Protesters marched Tuesday in Ferguson, Mo., for Michael Brown, who was killed by a police officer Aug. 9. (AP Photo/Charlie Riedel)

(This post has been updated with White House comment.)

A White House petition created days after 18-year-old Michael Brown was fatally shot by a police officer in Ferguson, Mo., surpassed 100,000 signatures, the threshold that now requires the Obama administration to respond.

Posted to the White House’s “We the People” page, the petition calls for all police to wear cameras. The creator, “J.C” from Hephzibah, Georgia called it the “Mike Brown Law.”

Create a bill, sign into law, and set aside funds to require all state,county, and local police, to wear a camera. Due to the latest accounts of deadly encounters with police, We the People, petition for the Mike Brown Law. Create a bill, sign into law, and set aside funds to require all state,county, and local police, to wear a camera. The law shall be made in an effort to not only detour police misconduct(i.e. brutality, profiling, abuse of power), but to ensure that all police are following procedure, and to remove all question, from normally questionable police encounters. As well, as help to hold all parties within a police investigation, accountable for their actions.

On Tuesday night, the petition cleared 100,000 signers and as of 10 a.m. Wednesday, it had 127,777 signatures.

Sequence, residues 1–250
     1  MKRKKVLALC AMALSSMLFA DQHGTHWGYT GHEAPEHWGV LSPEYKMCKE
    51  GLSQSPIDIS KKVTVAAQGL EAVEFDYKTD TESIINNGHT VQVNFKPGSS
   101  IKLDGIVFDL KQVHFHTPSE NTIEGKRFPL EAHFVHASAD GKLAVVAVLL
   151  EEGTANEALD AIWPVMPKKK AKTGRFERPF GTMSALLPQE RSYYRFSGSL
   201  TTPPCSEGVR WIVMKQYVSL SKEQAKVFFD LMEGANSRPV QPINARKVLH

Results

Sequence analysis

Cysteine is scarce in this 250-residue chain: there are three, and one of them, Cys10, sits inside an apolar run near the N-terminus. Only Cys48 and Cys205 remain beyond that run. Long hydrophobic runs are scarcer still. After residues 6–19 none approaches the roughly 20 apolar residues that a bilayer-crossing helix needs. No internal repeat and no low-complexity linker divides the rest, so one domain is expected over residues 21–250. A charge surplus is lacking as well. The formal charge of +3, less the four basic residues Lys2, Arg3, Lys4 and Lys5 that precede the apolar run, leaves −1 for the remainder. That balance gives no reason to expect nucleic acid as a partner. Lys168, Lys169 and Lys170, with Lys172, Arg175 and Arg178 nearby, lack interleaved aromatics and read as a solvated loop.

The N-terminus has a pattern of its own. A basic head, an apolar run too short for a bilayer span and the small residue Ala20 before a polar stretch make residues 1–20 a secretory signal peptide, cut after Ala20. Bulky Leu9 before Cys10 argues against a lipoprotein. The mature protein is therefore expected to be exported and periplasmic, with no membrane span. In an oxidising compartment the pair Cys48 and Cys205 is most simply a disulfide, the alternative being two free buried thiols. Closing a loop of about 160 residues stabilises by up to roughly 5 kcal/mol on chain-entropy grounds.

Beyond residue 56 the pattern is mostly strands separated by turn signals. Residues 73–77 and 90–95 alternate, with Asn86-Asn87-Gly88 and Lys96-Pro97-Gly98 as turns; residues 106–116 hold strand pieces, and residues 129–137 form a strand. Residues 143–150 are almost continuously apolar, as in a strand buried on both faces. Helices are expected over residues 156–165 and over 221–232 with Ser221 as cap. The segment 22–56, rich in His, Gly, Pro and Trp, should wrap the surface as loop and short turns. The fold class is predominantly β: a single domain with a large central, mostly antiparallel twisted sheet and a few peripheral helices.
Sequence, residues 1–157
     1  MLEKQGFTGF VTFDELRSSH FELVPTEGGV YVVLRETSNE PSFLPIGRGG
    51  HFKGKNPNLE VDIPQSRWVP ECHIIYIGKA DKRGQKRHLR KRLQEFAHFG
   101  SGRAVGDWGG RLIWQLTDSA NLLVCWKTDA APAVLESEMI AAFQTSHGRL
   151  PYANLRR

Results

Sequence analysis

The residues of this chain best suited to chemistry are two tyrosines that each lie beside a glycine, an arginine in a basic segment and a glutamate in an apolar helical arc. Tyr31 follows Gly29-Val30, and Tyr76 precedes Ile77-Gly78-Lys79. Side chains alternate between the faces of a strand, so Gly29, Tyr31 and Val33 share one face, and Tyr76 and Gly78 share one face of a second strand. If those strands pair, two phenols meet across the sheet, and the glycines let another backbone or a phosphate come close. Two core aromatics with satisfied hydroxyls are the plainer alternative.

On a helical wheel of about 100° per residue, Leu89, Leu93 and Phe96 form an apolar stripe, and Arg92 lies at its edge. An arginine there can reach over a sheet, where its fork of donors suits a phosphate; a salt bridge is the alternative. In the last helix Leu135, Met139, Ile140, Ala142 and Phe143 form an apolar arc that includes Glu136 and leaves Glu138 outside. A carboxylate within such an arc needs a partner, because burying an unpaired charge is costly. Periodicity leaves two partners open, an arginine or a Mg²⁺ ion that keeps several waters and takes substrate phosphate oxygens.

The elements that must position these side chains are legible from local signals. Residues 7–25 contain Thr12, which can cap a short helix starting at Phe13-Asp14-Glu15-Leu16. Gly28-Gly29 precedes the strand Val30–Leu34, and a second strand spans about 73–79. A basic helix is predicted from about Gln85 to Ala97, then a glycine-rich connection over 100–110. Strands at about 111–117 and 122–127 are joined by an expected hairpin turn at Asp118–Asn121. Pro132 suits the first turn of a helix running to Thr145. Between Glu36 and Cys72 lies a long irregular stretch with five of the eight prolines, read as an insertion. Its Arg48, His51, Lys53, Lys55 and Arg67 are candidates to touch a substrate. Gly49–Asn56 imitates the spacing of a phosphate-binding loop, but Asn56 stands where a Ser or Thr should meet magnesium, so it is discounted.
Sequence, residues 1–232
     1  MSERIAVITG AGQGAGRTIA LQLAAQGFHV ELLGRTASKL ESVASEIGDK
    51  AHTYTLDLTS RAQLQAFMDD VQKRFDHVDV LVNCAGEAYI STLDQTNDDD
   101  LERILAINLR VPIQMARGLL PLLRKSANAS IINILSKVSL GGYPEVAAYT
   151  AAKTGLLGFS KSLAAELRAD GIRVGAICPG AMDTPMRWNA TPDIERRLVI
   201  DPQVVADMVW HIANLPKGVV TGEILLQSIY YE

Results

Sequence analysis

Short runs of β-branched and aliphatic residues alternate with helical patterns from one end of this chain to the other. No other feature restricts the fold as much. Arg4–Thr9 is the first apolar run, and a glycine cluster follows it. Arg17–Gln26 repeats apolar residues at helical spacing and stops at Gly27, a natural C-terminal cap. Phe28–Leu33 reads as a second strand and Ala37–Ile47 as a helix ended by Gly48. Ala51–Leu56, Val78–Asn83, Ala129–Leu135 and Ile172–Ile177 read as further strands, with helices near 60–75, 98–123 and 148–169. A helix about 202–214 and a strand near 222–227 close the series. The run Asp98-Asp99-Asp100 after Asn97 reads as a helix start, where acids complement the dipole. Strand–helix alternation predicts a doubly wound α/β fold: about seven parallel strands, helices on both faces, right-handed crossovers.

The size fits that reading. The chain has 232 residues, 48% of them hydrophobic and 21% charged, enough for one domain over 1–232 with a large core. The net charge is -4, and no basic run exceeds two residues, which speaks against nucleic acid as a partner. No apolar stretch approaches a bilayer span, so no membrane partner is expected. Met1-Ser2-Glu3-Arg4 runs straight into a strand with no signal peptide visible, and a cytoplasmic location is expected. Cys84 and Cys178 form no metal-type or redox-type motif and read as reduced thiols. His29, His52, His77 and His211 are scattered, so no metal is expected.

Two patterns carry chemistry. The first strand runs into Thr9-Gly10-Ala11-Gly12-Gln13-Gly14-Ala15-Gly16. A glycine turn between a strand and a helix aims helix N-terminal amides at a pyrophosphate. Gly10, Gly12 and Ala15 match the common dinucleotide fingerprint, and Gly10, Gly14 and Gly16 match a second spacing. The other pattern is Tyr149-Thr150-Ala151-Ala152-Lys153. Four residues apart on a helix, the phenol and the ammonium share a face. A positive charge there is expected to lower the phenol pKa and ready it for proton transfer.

Since the Aug. 9 shooting of the unarmed teenager, there have been widespread calls for police to wear cameras on their vests. If Officer Darren Wilson had one on when he shot Brown, so many questions about how the shooting unfolded could perhaps be answered.

Ferguson police said Tuesday in a statement that the department would raise money to purchase cameras for police vests and for the police cruiser dashboards.

President Obama has been cautious so far in his comments about the Brown shooting and the resulting protests and riots that have rocked Ferguson since then. “When they’re conducting an investigation, I’ve got to make sure that I don’t look like I’m putting my thumb on the scales one way or the other,” Obama said Monday.

An administration official told the Loop in an e-mail that it would respond to the Michael Brown petition, but did not offer a time frame.

“Every petition that crosses the threshold is reviewed by the appropriate staff and receives a response,” the official wrote.

Other petitions with more than 100,000 signatures awaiting an official administration response include: “Pardon Snowden, “Declare Muslim Brotherhood as a Terrorist Organization” and “Condemn the Apartheid State of Israel for their Human Rights Violations against the Palestinian peoples.”